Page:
USDA to bees: Drop dead

The U.S. Department of Agriculture is taking no steps to halt or even thoroughly study the use of pesticides that have been implicated in massive die-offs of honeybees, according to a press release from the Sierra Club. The release circulated on the Iowa Sierra Club e-mail loop yesterday.

Germany has suspended the use of neonicotinoid pesticides after agricultural research found that “poisoning of the bees is due to the rub-off of the pesticide ingredient clothianidin from corn seeds.”

Not only do many American farmers spray neonicotinoids on their crops, “Bayer and Monsanto have acquired patents to coat their proprietary corn seeds with these neonicotinoids,” the Sierra Club notes. The group has called on the USDA to impose “a precautionary moratorium on these powerful crop treatments to protect our bees and our food,” pending thorough studies of their effects.

This New York Times article from February 2007 discusses the threat that “colony collapse disorder” poses to approximately $14 billion worth of seeds and crops that honeybees pollinate in the U.S. every year.

Other articles discussing the possible link between pesticides and bee die-offs are here, here and here. The neonicotinoids may be affecting the bees’ memory, making them unable to find their way back to their hives.

The full text of the press release from Sierra Club is after the jump.

PRESS RELEASE

Contact:  Laurel Hopwood, Sierra Club

216-371-9779

U.S.D.A. caves into lobbyists over massive bee deaths while Germany takes a major step to keep their pollinators pollinating crops

In light of the mounting evidence that new seed chemical coatings are deadly to bees and the action of Germany to call for an immediate suspension of these seed treatments, the Sierra Club today reaffirmed its call for a U.S. moratorium on specific chemical treatments to protect our bees and crops, until more study can be done.

Recently Germany’s federal agricultural research institute noted, “It can unequivocally be concluded that poisoning of the bees is due to the rub-off of the pesticide ingredient clothianidin from corn seeds.”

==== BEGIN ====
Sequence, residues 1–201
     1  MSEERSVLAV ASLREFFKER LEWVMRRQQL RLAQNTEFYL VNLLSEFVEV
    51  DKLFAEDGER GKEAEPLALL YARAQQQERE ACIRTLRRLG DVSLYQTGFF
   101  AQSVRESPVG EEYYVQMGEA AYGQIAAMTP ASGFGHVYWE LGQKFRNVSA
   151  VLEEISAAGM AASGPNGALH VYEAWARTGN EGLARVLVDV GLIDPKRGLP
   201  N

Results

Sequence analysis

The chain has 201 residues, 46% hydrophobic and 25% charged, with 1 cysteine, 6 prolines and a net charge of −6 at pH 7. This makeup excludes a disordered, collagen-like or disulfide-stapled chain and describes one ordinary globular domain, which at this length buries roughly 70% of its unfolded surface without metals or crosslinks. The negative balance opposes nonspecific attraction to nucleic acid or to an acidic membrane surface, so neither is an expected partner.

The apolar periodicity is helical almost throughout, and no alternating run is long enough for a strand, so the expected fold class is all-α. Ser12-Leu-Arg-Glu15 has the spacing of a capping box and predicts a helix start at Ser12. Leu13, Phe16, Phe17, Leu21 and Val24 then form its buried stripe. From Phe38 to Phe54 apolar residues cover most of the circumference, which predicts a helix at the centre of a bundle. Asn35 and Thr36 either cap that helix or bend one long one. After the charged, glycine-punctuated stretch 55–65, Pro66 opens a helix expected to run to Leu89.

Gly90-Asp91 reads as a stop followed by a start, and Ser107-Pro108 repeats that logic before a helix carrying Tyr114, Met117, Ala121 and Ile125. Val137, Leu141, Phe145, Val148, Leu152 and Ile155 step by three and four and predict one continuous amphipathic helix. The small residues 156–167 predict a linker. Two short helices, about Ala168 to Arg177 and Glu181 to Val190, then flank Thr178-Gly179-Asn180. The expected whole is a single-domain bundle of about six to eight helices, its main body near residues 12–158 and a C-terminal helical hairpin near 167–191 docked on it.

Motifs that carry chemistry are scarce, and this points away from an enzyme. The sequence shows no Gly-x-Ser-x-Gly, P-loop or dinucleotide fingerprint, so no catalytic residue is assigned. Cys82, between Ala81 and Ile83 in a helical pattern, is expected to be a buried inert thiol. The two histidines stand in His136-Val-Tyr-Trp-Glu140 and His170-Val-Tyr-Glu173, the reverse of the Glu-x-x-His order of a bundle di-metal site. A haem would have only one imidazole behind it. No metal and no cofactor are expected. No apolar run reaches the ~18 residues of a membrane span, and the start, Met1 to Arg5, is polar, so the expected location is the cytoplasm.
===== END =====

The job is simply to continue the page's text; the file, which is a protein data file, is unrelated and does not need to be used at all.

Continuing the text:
At issue are the neonicotinoids, including clothianidin, being used in a new way –  as seed coatings.

For years, farmers have been spraying neonicotinoids onto their crops to stop insect infestation. Now Bayer and Monsanto have acquired patents to coat their proprietary corn seeds with these neonicotinoids.

Part of the equation in the U.S. is genetically engineered corn, as more and more corn seeds are being gene spliced with a completely different species – a bacteria,”  said Walter Haefeker, of the German Beekeepers Association Board of  Directors. “Bayer and Monsanto recently entered into agreements to manufacture neonicotinic-coated genetically engineered corn. It’s likely that this will worsen the bee die-off problem.”

David Hackenburg, former president of the American Beekeeping Federation, has been urging the U.S. Department of Agriculture to do more study. “Look at what’s time based. The massive bee decimation started when regulatory agencies rubber stamped the use of neonicotinoid spraying and coating,” he said.

Sierra Club joins the concern of beekeepers,” said Laurel Hopwood, Sierra Club Genetic Engineering Committee Chair. “It’s unfortunate that regulatory agencies are using double speak. They claim to protect our food supply – yet they aren’t doing the proper studies. The loss of honeybees will leave a huge void in the kitchens of the American people and an estimated loss of 14 billion dollars to farmers.  We expect the U.S.D.A. to do their job.  We call for a precautionary moratorium on these powerful crop treatments to protect our bees and our food.

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